The “Parson’s Box” remained, provoking no criticism. He himself had a little plan for its contents. He would spend the money on a journey to his nephew and nieces, if they were anywhere in England. He would find out. There was no hurry, he told himself, with a queer smile.

There was not. The box provoked neither ill-criticism nor effusive charity. On Trinity Sunday, when he opened it and counted out one shilling in silver and sevenpence in coppers, Parson Jack pulled a wry face and then laughed aloud.

II.

Toot–toot–toot!

The postman’s horn in the village street above him shook the Parson out of his idleness, if not out of his dark thoughts. He sprang up, gripped his shovel, and began spading the white river-sand into his sack.

“It is useless, after all,” said he to himself. “The crack on the south of the tower stands still, but the smaller and more dangerous one–the one on the weather side–is widening fast. This winter, even, may finish matters.”

He took up a few more shovelfuls. “Anyhow, it will not last my time; and since it will not–” He paused, as a thought rose before him like a blank wall. If the church fell–nay, when it fell–this comrade which had taken possession of his purposes, his fears, his fate–this enigmatic building of which he knew neither the history nor the founder’s name, but only its wounds–why, then his occupation was gone! He might outlive it for years, perhaps a third of a lifetime; but he had no hopes beyond. In imagination he saw it fall, and after that– nothing. And he laughed–not the laugh with which he had counted out the money in his collecting-box, but one of sheer self-contempt, and passing bitter.

The impression had been so sharp that he flung a glance up at the grey tower topping the grey-green rise; and with that was aware of the postman swinging, with long strides, down the slope towards him.

He turned in confusion and resumed his shovelling. Why was the man coming this way, by a path out of his daily beat? Parson Jack stooped over his work. He wished to avoid greeting him. There was talk, no doubt, up at the village. . . .

But the postman was not to be denied. He stopped and hailed across the stream.

“Hulloa, Parson! I’ve just left a letter for you up at the Parsonage: a long blue letter, and important, by the look of it, with a seal–a man’s hand coming out of a castle. Do you know it?”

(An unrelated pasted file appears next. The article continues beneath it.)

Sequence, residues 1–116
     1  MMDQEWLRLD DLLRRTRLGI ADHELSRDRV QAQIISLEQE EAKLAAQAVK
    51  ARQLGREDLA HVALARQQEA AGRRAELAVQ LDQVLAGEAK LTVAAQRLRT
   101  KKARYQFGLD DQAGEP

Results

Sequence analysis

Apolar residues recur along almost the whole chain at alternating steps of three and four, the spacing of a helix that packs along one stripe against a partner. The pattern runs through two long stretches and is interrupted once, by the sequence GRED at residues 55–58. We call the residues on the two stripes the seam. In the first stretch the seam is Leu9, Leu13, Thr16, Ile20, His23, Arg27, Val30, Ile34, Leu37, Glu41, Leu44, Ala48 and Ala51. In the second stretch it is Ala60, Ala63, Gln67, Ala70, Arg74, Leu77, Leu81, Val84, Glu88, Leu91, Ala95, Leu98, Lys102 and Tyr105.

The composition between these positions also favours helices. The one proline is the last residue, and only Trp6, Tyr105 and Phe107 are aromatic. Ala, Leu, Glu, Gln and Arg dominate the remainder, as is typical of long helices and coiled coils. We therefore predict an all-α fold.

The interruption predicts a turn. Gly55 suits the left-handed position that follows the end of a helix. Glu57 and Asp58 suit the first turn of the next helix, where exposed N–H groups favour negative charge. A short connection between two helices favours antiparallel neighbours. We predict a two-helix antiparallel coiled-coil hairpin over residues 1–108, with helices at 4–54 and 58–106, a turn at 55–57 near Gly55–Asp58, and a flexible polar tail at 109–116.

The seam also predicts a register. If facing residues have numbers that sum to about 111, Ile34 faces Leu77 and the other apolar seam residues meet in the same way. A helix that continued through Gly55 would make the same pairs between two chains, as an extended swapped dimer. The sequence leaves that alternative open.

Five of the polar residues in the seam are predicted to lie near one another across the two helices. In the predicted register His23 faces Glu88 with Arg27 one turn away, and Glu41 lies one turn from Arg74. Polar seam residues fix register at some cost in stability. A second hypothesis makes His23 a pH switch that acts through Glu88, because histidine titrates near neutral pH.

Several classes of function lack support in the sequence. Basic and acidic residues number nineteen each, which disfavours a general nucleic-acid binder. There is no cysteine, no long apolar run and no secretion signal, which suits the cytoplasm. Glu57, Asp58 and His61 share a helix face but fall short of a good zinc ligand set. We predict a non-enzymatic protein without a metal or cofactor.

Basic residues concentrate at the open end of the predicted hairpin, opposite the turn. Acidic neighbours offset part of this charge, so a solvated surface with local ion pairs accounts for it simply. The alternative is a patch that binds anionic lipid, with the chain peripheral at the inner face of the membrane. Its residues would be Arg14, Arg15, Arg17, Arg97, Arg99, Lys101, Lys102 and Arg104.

“No,” answered Parson Jack. “Did you come out of your way to tell me this?”

“Not quite; though I’d do as much for ‘ee any day, out of friendliness. But, tell ‘ee the truth, I was sent to seek you with a message.”

“A message?”

“Sir Harry has ridden over from Carwithiel, and wants you up to church. He’s there waitin’ with his nephew, a narra-chested slip of a chap with a square-cut collar and a Popish sort of face.”

Parson Jack lifted his shovel and passed his palm over its blade, which the sand had already polished. “Thank you,” said he, “I’ll be going at once.”

But he made no motion to start while the postman stood eyeing him. A sudden selfish fear paralysed him. Had Sir Harry heard? And was this the end of his patron’s forbearance? No; the news could not have reached Carwithiel so quickly. He had no enemy to arise early and carry it; to no living creature were even his follies of such importance.

“Don’t forget your letter,” the postman reminded him, moving off towards the foot-bridge.

Parson Jack watched him as he crossed it, and until he had scaled the western slope and disappeared over its shoulder. Then, kneeling by the stream, he dipped his head, and let the icy water run past his temples. When he raised it again his plain face was glowing, for hard fare and life in the open weather kept his complexion clear and ruddy. But the hand gripping the sack on his shoulder shook as he climbed the hill.

By the lych-gate he found two saddle-horses tethered, and just outside the porch stood Sir Harry Vyell–a strikingly handsome man with a careless thoroughbred look; in fact, well over sixty, but apparently ten years younger. By habit he dressed well, and was scrupulously careful of his person; by habit, too, he remained sweet of temper and kindly of speech. But beneath this mask of habit the heart had withered, a while ago, to dust, and lay in the grave of his only son.

“Ah? Good morning, Flood!” cried Sir Harry genially. Parson Jack, reassured, felt the colour rushing into his face. “I’ve brought over my nephew Clem to introduce to you–he’s in Orders, you know–scholar of Balliol, Fellow of All Souls, and what not. High Anglican, too–he’ll be a bishop one of these days, if money doesn’t make him lazy. He’s inside, dancing with delight in front of your chancel-screen–or, rather, the remains of it. Church architecture is his craze just now– that and Church History. Between ourselves”–Sir Harry glanced over his shoulder–“he has a bee or two in his bonnet; but that’s as it should be. Every lad at his age wants to eat up the world.”

Parson Jack could remember no such ambition. They passed into the church together.